If these editorial boards, who never saw a merit pay proposal they didn't like, a teacher they didn't want to fire or a traditional public school they didn't want to turn into a non-unionized charter school, like the new UFT contract deal, then you know there's are serious problems with it.
The NY Post came down squarely on liking the merit pay and de-contractulaizing 10% of city schools in the tentative UFT contract agreement:
Now that Mayor de Blasio has reached a deal with the United Federation of Teachers, most of the attention is on the $3.2 billion in retroactive pay. That’s understandable, given it’s the largest number in the deal and the mayor’s predecessor has said the city can’t afford it.
But we’re intrigued by some of the items we didn’t expect. One provision, for example, will allow exemptions from some Department of Education regulations and union rules in 200 schools — permitting them to change curricula, reconfigure the length of their school year, provide for more parental involvement and modify seniority rules for work assignments.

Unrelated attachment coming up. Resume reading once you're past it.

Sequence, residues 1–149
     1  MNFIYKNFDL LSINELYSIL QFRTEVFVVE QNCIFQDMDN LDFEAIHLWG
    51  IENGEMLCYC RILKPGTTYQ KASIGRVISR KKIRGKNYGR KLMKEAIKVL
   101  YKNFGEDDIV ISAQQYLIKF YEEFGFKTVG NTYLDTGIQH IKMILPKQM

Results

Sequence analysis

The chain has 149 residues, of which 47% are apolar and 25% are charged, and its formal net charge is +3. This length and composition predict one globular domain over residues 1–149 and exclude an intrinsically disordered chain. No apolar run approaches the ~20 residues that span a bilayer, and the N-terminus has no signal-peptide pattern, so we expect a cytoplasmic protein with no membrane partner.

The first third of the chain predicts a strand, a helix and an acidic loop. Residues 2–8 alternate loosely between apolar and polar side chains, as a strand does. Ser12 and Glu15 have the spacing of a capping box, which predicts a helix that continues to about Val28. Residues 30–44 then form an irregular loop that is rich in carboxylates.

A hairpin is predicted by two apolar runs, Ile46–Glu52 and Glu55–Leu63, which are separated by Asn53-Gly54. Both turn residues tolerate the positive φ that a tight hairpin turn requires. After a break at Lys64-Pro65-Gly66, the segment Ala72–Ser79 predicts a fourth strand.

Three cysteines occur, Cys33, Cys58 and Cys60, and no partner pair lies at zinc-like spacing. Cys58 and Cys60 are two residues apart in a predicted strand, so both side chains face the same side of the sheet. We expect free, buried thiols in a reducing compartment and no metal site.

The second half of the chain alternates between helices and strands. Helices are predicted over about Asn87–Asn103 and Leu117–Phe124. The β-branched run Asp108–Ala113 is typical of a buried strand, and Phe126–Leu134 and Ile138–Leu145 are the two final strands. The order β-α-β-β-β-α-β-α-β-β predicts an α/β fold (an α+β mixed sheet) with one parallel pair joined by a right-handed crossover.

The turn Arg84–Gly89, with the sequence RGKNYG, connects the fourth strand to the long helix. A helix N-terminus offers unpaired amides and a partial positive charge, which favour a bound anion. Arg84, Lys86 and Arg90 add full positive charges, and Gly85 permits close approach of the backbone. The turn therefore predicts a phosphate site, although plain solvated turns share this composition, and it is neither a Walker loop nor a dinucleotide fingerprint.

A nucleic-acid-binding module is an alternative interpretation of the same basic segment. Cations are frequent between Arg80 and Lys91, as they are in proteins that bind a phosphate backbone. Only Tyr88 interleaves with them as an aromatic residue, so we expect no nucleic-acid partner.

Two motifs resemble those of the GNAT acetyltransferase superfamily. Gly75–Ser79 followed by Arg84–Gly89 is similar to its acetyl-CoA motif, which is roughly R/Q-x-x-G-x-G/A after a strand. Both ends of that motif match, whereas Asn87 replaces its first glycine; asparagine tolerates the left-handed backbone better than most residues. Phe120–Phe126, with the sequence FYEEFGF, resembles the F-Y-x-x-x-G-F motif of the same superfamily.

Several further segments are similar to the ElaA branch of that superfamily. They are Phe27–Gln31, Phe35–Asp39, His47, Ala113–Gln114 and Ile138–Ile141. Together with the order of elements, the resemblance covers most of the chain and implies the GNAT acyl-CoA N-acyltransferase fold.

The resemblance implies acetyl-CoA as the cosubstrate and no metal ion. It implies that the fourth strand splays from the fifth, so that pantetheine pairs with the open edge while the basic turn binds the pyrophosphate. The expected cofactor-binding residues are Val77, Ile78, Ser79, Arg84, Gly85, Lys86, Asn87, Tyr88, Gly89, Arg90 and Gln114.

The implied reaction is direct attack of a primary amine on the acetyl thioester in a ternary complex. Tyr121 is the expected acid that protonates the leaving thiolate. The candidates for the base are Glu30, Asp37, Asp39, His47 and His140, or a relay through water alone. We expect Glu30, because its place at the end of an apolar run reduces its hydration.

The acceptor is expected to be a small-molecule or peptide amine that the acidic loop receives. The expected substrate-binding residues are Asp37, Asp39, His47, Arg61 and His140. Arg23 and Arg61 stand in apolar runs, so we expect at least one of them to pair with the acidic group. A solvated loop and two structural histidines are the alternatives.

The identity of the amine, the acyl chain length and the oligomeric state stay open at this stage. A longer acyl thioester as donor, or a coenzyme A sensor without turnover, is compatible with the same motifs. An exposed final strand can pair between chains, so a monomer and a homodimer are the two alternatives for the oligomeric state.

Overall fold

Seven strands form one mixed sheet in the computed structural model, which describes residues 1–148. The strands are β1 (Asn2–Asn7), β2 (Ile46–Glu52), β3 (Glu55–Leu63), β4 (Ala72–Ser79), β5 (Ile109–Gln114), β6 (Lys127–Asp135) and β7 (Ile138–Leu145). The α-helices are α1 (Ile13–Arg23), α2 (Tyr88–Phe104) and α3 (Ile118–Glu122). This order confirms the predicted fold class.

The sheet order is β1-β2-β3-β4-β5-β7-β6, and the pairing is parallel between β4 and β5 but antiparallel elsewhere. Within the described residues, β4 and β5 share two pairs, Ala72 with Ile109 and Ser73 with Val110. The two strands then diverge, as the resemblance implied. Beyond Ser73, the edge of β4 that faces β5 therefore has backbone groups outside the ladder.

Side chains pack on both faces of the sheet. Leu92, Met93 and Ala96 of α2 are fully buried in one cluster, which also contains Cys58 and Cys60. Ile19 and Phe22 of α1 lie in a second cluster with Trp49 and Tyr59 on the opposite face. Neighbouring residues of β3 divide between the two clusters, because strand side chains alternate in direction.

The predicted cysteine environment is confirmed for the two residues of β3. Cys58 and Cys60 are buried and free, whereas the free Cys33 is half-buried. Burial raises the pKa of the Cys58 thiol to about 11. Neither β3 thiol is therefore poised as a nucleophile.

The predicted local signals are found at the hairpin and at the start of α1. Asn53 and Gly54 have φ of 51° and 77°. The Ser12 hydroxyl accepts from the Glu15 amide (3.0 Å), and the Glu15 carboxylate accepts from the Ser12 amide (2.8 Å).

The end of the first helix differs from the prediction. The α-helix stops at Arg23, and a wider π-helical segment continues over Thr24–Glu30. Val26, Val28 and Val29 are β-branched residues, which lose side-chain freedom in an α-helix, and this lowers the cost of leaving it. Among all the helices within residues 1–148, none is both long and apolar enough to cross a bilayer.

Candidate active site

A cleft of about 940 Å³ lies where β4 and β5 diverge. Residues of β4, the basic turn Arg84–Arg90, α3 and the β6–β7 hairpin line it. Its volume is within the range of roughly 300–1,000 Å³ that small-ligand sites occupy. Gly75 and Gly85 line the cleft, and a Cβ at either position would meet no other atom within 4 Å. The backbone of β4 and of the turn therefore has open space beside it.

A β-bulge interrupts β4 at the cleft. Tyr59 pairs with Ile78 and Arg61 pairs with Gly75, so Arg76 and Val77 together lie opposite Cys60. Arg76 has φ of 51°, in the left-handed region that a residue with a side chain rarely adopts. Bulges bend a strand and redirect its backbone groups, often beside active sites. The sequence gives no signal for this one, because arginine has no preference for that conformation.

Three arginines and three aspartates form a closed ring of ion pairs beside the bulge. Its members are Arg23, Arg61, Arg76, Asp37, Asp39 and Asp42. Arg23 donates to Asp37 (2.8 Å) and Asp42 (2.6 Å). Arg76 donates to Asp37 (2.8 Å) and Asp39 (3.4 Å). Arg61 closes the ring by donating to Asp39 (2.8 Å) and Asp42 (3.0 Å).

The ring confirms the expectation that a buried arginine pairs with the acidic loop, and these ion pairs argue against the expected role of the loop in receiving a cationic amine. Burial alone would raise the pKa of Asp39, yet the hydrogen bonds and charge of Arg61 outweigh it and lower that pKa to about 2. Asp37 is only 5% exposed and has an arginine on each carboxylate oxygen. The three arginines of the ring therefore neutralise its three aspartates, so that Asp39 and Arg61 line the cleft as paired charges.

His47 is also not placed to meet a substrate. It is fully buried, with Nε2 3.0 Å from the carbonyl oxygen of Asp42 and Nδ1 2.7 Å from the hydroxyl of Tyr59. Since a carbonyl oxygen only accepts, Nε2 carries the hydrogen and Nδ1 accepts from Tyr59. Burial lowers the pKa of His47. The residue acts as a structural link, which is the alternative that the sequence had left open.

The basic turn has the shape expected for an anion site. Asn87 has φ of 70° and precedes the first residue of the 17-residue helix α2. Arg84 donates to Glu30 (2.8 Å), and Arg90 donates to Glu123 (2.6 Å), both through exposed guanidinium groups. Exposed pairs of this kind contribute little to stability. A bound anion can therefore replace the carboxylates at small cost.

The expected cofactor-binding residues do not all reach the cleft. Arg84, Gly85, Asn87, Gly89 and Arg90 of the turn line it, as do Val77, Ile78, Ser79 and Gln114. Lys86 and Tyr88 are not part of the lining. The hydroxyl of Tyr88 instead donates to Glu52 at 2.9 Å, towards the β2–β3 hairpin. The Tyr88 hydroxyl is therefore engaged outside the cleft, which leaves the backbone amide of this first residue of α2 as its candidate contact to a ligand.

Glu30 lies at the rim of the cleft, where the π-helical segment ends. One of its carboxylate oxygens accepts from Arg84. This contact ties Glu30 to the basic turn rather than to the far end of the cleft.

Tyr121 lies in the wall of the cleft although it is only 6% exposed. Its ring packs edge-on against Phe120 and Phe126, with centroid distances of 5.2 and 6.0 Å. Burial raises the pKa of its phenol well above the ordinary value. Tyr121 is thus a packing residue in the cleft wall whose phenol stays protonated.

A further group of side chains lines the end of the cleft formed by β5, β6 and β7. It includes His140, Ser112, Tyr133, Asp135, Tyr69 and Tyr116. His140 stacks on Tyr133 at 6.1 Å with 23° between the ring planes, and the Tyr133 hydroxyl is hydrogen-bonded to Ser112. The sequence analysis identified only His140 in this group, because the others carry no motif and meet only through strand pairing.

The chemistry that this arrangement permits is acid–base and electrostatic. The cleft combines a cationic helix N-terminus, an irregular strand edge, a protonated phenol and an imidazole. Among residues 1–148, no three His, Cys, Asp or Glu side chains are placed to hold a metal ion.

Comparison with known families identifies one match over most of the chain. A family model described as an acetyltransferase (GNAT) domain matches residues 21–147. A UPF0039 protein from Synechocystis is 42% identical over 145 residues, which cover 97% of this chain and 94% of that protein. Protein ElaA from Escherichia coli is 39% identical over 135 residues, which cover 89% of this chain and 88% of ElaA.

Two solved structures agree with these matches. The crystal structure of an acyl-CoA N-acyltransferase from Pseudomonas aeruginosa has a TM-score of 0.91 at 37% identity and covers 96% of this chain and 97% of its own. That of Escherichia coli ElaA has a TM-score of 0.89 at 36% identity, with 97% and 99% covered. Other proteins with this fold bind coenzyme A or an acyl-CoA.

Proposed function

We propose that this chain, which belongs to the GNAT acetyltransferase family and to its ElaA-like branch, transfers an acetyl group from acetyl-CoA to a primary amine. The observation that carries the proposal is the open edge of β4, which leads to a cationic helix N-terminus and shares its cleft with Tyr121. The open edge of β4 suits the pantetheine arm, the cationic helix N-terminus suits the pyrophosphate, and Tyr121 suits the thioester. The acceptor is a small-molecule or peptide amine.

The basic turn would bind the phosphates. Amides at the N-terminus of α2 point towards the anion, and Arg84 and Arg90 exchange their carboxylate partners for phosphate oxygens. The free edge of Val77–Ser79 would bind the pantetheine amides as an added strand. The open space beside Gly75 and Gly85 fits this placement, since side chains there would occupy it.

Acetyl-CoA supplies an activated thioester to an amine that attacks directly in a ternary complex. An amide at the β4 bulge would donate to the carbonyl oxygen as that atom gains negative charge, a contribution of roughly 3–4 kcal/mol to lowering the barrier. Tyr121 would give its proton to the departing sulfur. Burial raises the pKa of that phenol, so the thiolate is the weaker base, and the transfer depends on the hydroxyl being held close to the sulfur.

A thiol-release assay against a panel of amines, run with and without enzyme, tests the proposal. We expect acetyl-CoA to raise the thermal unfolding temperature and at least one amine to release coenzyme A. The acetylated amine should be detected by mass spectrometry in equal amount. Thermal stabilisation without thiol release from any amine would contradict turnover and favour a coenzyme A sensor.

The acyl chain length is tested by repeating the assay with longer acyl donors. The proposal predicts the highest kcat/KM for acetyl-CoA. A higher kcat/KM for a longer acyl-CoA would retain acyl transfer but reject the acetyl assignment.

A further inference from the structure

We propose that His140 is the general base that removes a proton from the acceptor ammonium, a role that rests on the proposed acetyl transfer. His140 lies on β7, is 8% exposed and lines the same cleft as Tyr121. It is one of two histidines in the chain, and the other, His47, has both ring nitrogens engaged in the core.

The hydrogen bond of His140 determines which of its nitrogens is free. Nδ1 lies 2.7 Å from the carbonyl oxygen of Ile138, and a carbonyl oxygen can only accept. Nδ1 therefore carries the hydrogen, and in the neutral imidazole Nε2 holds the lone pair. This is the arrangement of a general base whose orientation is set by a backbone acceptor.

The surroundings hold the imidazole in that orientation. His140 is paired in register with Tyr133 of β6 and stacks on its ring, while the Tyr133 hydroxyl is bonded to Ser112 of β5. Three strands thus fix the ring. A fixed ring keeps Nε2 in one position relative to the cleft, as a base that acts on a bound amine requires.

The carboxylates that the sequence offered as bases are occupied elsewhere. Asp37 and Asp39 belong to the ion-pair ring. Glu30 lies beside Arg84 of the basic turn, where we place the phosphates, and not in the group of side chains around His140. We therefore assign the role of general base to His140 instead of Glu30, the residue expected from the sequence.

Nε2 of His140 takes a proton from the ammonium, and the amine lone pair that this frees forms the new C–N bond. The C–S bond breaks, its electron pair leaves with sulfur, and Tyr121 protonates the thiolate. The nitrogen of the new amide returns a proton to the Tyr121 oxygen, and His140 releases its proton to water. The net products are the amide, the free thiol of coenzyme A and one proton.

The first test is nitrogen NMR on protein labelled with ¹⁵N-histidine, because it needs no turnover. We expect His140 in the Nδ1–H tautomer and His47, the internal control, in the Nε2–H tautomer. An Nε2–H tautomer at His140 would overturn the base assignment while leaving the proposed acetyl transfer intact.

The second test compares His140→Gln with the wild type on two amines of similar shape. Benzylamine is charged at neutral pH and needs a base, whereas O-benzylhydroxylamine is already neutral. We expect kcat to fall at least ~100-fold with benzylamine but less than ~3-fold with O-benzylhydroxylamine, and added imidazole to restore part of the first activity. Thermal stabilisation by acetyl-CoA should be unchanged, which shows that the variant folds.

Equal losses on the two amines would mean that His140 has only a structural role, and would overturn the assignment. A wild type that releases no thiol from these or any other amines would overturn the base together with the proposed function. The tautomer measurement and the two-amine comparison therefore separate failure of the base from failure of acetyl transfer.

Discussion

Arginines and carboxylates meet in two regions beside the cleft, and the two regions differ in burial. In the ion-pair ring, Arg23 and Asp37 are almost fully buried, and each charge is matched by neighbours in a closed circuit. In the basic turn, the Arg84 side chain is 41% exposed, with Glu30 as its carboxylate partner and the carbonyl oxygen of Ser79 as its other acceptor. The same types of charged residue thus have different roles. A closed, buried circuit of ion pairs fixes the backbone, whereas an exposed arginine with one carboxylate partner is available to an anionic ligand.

Used correctly, that would give traditional schools some of the flexibility that helps make charters successful.
Ditto for merit pay. Again, it will depend on how it’s implemented. Paying a good teacher $5,000 extra to keep her in a challenged school is an excellent investment, but if it means paying $5,000 to keep every teacher there, you haven’t fixed anything.
Perhaps most important is the $1 billion in savings the mayor says he and the UFT will seek in health care. We have few specifics, though the mayor mentioned sensible possibilities such as auditing benefits to remove those not entitled. If the mayor makes good on the promised savings, it would be a huge step forward.
Yeah, they love the merit pay and the charterizing of 10% of the city's schools without actually making them into charters (i.e., they won't be under the UFT contract rules, but teachers there WILL pay UFT dues.)
That's how you know this is a bad deal for teachers - the Posties like it and see it as a blueprint for eventually de-contractualizing all of the city schools down the road.